On Wed, May 29, 2013 at 11:12:06AM -0500, Anthony Liguori wrote:
"Michael S. Tsirkin" email@example.com writes:
On Tue, May 28, 2013 at 07:53:09PM -0400, Kevin O'Connor wrote:
On Thu, May 23, 2013 at 03:41:32PM +0300, Michael S. Tsirkin wrote:
Juan is not available now, and Anthony asked for agenda to be sent early. So here comes:
Agenda for the meeting Tue, May 28:
- Generating acpi tables
I didn't see any meeting notes, but I thought it would be worthwhile to summarize the call. This is from memory so correct me if I got anything wrong.
Anthony believes that the generation of ACPI tables is the task of the firmware. Reasons cited include security implications of running more code in qemu vs the guest context, complexities in running iasl on big-endian machines, possible complexity of having to regenerate tables on a vm reboot, overall sloppiness of doing it in QEMU. Raised that QOM interface should be sufficient.
Kevin believes that the bios table code should be moved up into QEMU. Reasons cited include the churn rate in SeaBIOS for this QEMU feature (15-20% of all SeaBIOS commits since integrating with QEMU have been for bios tables; 20% of SeaBIOS commits in last year), complexity of trying to pass all the content needed to generate the tables (eg, device details, power tree, irq routing), complexity of scheduling changes across different repos and synchronizing their rollout, complexity of implemeting the code in both OVMF and SeaBIOS. Kevin wasn't aware of a requirement to regenerate acpi tables on a vm reboot.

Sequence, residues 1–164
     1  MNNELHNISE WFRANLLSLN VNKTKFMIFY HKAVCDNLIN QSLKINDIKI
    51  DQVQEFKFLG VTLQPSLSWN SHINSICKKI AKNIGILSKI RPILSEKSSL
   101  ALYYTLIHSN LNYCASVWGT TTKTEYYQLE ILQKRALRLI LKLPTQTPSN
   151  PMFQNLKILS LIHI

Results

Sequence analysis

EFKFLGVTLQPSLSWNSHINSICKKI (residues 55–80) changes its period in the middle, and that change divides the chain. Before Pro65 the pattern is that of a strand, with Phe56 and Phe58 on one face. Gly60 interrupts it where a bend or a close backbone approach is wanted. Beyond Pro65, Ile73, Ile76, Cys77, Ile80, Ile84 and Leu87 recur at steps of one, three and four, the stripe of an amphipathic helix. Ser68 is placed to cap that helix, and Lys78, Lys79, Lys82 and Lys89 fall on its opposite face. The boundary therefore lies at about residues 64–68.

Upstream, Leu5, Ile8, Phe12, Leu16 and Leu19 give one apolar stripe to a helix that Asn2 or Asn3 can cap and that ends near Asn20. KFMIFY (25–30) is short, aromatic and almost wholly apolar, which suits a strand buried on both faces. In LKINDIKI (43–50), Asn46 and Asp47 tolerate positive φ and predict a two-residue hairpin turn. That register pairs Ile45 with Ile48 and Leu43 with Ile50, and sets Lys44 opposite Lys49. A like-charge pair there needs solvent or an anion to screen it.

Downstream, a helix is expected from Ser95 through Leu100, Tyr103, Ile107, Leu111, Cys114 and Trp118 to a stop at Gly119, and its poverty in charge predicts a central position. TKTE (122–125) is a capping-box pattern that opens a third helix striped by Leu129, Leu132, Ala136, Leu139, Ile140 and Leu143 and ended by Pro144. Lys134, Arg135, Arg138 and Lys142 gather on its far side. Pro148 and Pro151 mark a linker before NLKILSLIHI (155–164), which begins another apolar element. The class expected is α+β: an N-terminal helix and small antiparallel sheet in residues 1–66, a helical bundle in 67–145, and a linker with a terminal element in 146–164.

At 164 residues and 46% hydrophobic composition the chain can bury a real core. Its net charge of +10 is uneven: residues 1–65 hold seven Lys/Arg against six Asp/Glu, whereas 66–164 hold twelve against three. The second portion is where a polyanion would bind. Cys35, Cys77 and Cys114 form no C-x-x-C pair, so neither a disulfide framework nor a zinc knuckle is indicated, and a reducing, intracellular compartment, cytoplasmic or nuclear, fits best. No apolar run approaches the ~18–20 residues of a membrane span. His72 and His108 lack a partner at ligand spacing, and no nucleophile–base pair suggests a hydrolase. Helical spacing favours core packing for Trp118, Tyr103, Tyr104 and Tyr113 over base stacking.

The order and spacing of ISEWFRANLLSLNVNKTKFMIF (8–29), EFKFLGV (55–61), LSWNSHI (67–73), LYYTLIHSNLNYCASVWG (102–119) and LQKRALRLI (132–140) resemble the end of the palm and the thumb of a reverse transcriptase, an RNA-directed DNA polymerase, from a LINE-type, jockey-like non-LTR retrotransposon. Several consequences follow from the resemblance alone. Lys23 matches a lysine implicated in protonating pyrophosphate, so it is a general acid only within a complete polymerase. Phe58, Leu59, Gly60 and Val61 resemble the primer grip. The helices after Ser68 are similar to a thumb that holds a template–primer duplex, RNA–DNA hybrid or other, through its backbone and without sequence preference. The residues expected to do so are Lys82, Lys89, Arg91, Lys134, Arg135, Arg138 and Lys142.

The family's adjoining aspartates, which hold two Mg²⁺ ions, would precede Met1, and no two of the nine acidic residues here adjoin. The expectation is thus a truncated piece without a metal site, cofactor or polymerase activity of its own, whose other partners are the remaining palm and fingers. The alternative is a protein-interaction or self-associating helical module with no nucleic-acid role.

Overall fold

I think this last one is based on a misunderstanding: it's based on assumption that we we change hardware by hotplug we should regenerate the tables to match. But there's no management that can take advantage of this. Two possible reasonable things we can tell management:
- hotplug for device XXX is not supported: restart qemu to make guest use the device
- hotplug for device XXX is supported
This introduces an assumption: that the device model never radically changes across resets.
Why should this be true? Shouldn't we be allowed to increase the amount of memory the guest has across reboots? That's equivalent to adding another DIMM after power off.
You can argue the same thing about non hotpluggable devices: you might be able to replace them when guest is powered off.
It's not supported ATM and if/when it is, there's a bunch of code to be written.
Not generating tables on reset does limit what we can do in a pretty fundamental way. Even if you can argue it in the short term, I don't think it's viable in the long term.
No because that's not "at reset". We need a separate state for power off.
You power off the machine, add DIMM, restart it.
Its not something you can do from inside the guest, unlike reset.
At the moment, the only way to implement this is by exiting from QEMU. So we are not introducing any regressions here. When qemu gains power off state we can add a handler and regenerate the tables.